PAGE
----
Now stretch that over the course of 9 months to a year and replace Sheamus’ name with guys like Cesaro, Ziggler, Harper, Wyatt and the like, and suddenly that group of guys who, despite the IWC’s screaming, just haven’t seemed to make the leap into the top tier are now poised to main event PPV’s for the next 5-10 years. All of that can happen when you have a fighting champion, even if those fights only happen every so often.
So I hope the rumors and reports I’ve been seeing are wrong about Lesnar, especially if the reason behind his absence is a serious heart issue. He doesn’t need to be back in 2014 so we can see another Brock / Cena debacle. He needs to be back so he can do his job as champion and help make the next generation of main eventers.
Oh, alright. . . He can suplex Cena out of his sneakers while he’s at it, too.
In yesterday’s Teacher’s Lounge, I tried to answer the question “Why do we hate John Cena?” Today, I have a little fun playing fantasy booker and I come up with a way that instantly makes John Cena more popular with the older WWE crowd, or at the very least, more interesting.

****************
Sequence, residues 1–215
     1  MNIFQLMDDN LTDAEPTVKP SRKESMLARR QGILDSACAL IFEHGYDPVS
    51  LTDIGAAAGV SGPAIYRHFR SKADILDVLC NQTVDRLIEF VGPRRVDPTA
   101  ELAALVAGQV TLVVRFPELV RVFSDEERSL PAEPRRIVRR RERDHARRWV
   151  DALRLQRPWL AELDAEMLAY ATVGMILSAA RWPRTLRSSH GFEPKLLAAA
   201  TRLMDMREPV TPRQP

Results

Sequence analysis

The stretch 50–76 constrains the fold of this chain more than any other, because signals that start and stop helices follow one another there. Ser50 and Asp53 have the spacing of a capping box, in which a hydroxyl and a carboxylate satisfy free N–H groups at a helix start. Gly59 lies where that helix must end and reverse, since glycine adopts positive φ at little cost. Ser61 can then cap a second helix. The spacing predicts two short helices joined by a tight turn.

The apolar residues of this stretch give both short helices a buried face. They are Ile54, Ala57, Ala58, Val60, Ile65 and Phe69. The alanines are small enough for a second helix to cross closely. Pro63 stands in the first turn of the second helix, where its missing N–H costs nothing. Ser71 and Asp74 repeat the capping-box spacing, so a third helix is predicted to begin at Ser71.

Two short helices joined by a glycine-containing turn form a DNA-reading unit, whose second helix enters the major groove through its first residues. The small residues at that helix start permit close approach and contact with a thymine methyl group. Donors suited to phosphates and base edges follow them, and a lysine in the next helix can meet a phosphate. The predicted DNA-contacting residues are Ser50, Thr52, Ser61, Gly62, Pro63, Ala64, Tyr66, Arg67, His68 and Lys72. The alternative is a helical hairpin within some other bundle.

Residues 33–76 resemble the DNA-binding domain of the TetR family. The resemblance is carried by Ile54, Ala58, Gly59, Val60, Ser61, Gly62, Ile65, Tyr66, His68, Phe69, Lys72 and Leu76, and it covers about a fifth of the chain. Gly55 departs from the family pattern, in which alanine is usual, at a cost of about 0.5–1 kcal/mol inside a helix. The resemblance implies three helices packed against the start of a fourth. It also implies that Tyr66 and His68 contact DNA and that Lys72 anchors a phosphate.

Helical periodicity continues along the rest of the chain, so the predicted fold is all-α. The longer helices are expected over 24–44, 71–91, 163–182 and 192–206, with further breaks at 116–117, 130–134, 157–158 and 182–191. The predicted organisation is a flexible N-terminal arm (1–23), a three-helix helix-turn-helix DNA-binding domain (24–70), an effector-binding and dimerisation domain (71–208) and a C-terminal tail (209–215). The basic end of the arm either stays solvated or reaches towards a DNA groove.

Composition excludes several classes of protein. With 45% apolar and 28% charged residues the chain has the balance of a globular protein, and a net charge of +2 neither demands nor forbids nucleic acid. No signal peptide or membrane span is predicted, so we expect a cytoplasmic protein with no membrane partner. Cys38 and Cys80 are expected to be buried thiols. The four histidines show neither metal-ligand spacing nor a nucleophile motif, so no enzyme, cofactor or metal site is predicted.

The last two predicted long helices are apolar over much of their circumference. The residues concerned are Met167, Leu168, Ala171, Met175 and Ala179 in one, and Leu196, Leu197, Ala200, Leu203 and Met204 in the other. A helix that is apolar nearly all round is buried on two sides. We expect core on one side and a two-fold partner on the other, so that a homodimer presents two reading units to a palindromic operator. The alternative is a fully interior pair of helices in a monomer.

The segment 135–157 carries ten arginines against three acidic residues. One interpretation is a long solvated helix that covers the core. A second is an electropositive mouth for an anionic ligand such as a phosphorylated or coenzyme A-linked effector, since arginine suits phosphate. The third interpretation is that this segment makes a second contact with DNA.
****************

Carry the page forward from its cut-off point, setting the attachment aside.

John Cena and Brock Lesnar are in the middle of an epic battle for the WWE World Heavyweight Championship. Triple H is, as usual, seated at ringside. Paul Heyman stalks around outside, making faces that rival only William Regal and Vince McMahon for their storytelling ability.
As the match reaches its climax, we see Lesnar kick out of the Attitude Adjustment, while Cena barely manages to escape the F-5. Michael Cole has let us know we have seen “the turning point” in the match 319 times, JBL continues to laud the skills of these athletes, while Lawler says this is the best match he’s ever seen over and over again.